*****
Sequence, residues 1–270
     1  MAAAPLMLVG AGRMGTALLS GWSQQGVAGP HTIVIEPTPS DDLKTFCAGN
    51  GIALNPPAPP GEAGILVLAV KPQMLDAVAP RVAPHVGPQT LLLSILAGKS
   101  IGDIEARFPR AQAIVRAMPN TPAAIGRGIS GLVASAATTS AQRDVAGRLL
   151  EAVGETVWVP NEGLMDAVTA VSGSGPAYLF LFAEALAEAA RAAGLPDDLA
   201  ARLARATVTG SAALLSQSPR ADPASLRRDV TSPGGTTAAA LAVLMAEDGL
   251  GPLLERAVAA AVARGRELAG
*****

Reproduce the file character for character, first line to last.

Sequence, residues 1–270
     1  MAAAPLMLVG AGRMGTALLS GWSQQGVAGP HTIVIEPTPS DDLKTFCAGN
    51  GIALNPPAPP GEAGILVLAV KPQMLDAVAP RVAPHVGPQT LLLSILAGKS
   101  IGDIEARFPR AQAIVRAMPN TPAAIGRGIS GLVASAATTS AQRDVAGRLL
   151  EAVGETVWVP NEGLMDAVTA VSGSGPAYLF LFAEALAEAA RAAGLPDDLA
   201  ARLARATVTG SAALLSQSPR ADPASLRRDV TSPGGTTAAA LAVLMAEDGL
   251  GPLLERAVAA AVARGRELAG